In addition to Tarrio, who has since stepped down as chairman of the group, Proud Boy leaders Ethan Nordean, Joseph Biggs, Zachary Rehl and Dominic Pezzola were also charged with seditious conspiracy. Biggs, Rehl and Pezzola are US military veterans. All five have been incarcerated since at least March of this year after being previously indicted on conspiracy charges.Notably Biggs, like Tarrio, had a working relationship with the police and the FBI prior to the fascist attack on Congress. While Tarrio was an informant from at least 2012-2014, Biggs’ lawyer last year claimed his client had been providing intelligence to the FBI on alleged “antifa networks” since at least July 2020. The lawyer further asserted that Biggs, a correspondent on Alex Jones’ “InfoWars” program, first began communicating with FBI agents and local Florida police in 2018.
While Tarrio was not in Washington D.C. on January 6, he did meet with co-founder of the Oath Keepers Stewart Rhodes the day before the coup, in an underground D.C. parking garage. While the full extent of this meeting between Tarrio and Rhodes has yet to be revealed, previous court hearings have established that Tarrio discussed with Oath Keepers lead counsel Kellye SoRelle how to erase incriminating information from his phone, which the government was in possession of at the time. Tarrio also asked SoRelle if she knew how he could access his social media accounts so he could continue to coordinate with his Proud Boy soldiers.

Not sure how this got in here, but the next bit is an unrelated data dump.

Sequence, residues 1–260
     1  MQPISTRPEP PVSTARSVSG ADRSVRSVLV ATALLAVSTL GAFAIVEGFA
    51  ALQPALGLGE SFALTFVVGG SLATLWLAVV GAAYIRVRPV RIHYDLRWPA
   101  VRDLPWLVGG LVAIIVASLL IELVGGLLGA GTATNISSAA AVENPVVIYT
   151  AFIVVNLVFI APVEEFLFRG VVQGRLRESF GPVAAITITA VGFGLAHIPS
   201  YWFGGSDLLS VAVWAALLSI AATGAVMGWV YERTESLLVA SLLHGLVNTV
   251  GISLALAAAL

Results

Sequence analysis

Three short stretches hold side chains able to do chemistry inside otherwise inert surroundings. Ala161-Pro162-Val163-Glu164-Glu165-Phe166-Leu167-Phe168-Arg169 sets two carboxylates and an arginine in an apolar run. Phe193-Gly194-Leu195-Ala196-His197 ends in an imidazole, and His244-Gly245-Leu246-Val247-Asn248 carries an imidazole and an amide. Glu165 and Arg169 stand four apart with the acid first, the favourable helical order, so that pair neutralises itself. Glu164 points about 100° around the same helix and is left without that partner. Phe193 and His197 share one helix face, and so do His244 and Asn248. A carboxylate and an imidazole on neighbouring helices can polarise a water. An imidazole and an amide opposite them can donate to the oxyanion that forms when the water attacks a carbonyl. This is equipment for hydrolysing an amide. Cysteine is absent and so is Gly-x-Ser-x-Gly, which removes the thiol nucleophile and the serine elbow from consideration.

Tarrio and the four other Proud Boys join Rhodes and 10 other members of the Oath Keepers in being charged with seditious conspiracy for their role in the coup. As of this writing, three of the 11 Oath Keepers charged with seditious conspiracy have already pled guilty and turned state’s witness. These are by far the most serious charges leveled against participants in the attack on the Capitol and underscore the pre-planned and far-reaching character of the attack.
The reason Tarrio was not in D.C. to coordinate the attack in person was because he had, fortuitously, been arrested by D.C. Metropolitan Police on January 4, 2021 for burning a Black Lives Matter banner during a pro-Trump rally in Washington D.C. on December 12, 2020.
A day before Tarrio burned the banner, on December 11, Tarrio and Nordean, in a separate rally, shared the stage with long-time Trump political fixer and honorary member of the Proud Boys, Roger Stone. Stone has yet to be charged for his role in coordinating the attack on the Capitol.
FBI Director Christopher Wray has repeatedly claimed that the January 6 attack was an unforeseen event. The fact that several leaders of the fascist paramilitary groups, who were working in coordination with Trump and his Republican co-conspirators to block the certification of the election, had multi-year relationships with the police and intelligence agencies exposes that lie.